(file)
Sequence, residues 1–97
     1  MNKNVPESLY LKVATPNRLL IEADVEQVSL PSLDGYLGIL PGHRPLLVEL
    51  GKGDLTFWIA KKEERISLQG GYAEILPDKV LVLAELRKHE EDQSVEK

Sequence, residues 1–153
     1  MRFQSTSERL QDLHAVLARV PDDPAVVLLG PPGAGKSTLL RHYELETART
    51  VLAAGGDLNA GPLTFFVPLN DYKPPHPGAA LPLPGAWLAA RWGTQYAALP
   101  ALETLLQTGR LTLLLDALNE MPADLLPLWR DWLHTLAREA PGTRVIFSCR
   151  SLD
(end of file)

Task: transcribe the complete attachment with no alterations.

Sequence, residues 1–97
     1  MNKNVPESLY LKVATPNRLL IEADVEQVSL PSLDGYLGIL PGHRPLLVEL
    51  GKGDLTFWIA KKEERISLQG GYAEILPDKV LVLAELRKHE EDQSVEK

Sequence, residues 1–153
     1  MRFQSTSERL QDLHAVLARV PDDPAVVLLG PPGAGKSTLL RHYELETART
    51  VLAAGGDLNA GPLTFFVPLN DYKPPHPGAA LPLPGAWLAA RWGTQYAALP
   101  ALETLLQTGR LTLLLDALNE MPADLLPLWR DWLHTLAREA PGTRVIFSCR
   151  SLD